I have one on my ranger, came with the car used.
No complaints, I'm sure it has a lot of give in an anti roo situation.
AnswerID: 614775

Reply By: Member - Boobook - Sunday, Nov 05, 2017 at 06:42

Sunday, Nov 05, 2017 at 06:42
Phil, I had an ARB bullbar on my old 200 and vowed never to buy one again. It wobbled, carried on like crazy even on freeways, and despite ARB claiming it's weight as 83kg, it was 103 PLUS winch etc. On a dirt road it would vibrate like it was about to come off.

Worst of all I could never get the front suspension right for those scollops on sand tracks. Even the heaviest springs and Bilsteins couldn't stop the "Boating" generated by the inertia of the weight. Just too bloody heavy

So this time round I bit the bullet, and got a smart bar. The front rides so much better, it takes a winch and the front is 60kg lighter. No more boating and it doesn't wobble.

Take a look at the videos on youtube where someone hits a cow and another where a Steel, Alloy and a Smart bar are in a crash test into a pole. Make your own judgement. keeping in mind the crash test is part of an ad...

Hopefully I won't get to see how well it works, but I do know that I hit a very large roo at 100kmph with my ARB bar. It jumped away, the bullbar was fine. The airbags didn't go off and there was no panel damage apart from a small crease at the rear of the front guard where it joins the A piller.. I nearly died when I got the quote and reason why that happened. $8000 damage to the chassis.
I think a little flex in the bullbar is a good thing after that experience.



Start looking at this video at about 1:15

AnswerID: 614778

Reply By: 9900Eagle - Sunday, Nov 05, 2017 at 07:30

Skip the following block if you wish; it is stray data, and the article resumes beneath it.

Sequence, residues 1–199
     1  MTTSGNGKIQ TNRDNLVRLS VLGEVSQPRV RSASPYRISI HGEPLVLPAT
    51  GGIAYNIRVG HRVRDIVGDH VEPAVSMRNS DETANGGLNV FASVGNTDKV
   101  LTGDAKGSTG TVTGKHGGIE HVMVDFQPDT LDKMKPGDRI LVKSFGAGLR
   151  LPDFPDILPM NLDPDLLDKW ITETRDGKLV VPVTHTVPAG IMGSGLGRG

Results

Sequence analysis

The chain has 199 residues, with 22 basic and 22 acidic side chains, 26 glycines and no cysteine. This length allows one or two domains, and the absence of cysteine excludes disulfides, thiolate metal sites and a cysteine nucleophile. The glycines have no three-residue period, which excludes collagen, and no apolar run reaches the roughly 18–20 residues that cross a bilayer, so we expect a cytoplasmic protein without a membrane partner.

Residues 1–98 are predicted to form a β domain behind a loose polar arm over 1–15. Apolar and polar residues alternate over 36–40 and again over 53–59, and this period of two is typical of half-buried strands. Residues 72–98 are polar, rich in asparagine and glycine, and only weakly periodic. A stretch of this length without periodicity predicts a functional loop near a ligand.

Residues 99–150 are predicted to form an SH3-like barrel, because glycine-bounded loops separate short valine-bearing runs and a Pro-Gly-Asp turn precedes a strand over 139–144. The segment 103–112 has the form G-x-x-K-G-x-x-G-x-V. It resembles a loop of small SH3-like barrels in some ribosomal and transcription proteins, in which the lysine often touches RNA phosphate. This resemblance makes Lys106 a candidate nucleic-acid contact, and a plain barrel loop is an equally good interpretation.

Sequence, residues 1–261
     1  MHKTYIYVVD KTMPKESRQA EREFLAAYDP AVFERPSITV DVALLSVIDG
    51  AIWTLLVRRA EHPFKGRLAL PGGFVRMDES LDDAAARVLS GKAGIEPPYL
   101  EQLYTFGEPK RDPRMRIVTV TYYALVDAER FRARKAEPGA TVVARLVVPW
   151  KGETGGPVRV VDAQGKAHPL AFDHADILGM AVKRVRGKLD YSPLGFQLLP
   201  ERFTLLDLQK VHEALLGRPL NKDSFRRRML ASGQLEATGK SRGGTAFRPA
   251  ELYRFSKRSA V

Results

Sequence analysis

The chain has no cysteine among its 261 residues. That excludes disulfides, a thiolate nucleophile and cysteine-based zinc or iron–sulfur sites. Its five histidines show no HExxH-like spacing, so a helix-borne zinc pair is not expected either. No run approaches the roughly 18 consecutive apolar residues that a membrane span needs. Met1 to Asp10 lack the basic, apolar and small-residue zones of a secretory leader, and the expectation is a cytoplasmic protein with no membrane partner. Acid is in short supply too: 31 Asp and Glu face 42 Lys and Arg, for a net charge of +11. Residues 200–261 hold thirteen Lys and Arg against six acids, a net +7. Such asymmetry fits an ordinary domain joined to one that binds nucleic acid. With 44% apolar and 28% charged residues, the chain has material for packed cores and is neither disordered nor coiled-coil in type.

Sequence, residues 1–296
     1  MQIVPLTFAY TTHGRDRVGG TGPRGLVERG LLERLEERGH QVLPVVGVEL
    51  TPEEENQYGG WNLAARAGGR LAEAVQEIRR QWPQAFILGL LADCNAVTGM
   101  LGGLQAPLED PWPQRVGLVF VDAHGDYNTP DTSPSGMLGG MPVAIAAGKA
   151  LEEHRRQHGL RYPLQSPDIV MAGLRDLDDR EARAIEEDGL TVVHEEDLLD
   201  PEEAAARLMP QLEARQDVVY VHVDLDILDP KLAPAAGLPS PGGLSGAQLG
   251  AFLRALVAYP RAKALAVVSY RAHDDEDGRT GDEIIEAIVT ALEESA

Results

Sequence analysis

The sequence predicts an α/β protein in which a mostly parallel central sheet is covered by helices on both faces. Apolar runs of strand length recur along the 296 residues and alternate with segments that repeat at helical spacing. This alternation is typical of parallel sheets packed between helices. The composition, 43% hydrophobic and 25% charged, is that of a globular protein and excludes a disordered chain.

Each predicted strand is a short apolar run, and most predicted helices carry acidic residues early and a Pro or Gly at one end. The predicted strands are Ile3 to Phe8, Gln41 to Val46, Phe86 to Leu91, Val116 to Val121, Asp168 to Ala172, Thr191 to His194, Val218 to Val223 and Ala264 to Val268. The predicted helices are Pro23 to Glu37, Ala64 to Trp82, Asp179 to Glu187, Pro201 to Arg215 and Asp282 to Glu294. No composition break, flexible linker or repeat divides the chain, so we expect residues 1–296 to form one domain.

Sunday, Nov 05, 2017 at 07:30
Phil, smart bars are an excellent product. They do fair better than other bars in many situations with the ability to return to their original shape. I wanted to first one on my Ranger but at the time they weren't available.

As for lasting they are made out of the same material as our council rubbish bins. My poly rubbish bin is now 20+ years old and has been in the North Queensland sun all that time and it has just faded a bit.

You can paint the smart bar any colour you want, this is what happens to the front and rear plastic panels on vehicles for the last 30 years.

AnswerID: 614779

Reply By: Jason M3 - Sunday, Nov 05, 2017 at 10:13

Sunday, Nov 05, 2017 at 10:13
I put a smartbar on my R51 pathfinder 5yrs ago and i can say they look and work very well.I hit a cow bigger than the one in that video and the only damage i got was the antenae bracket scrapped my bonnet.I removed them when i got home.
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Reply By: Phil - Sunday, Nov 05, 2017 at 10:40

Sunday, Nov 05, 2017 at 10:40
Thanks for all the input, I think that the Smart Bar may be the way to go, mainly for its weight and flexibility. Interestingly, whilst talking to a 4WD accessories shop the other day, I found out that Smart Bar has been bought by ARB.
Phil
AnswerID: 614781

Reply By: Member - Phil G (SA) - Sunday, Nov 05, 2017 at 14:01

Sunday, Nov 05, 2017 at 14:01
Smart Bar everytime. Alloy bars don't bend back.
Bought my first Smart bar 17 years ago but been unable to get them for my past 2 vehicles. My daughter recently got one for her Prado and its a good bit of gear.
AnswerID: 614784

Reply By: Gronk - Sunday, Nov 05, 2017 at 21:15

Sunday, Nov 05, 2017 at 21:15
While the smart bar is probably a smart choice, I personally would have to reverse my 4wd into the garage so I wouldn't have to look at it every time I opened the side door !! lol
AnswerID: 614788

Follow Up By: Dusty D - Monday, Nov 06, 2017 at 07:50

Monday, Nov 06, 2017 at 07:50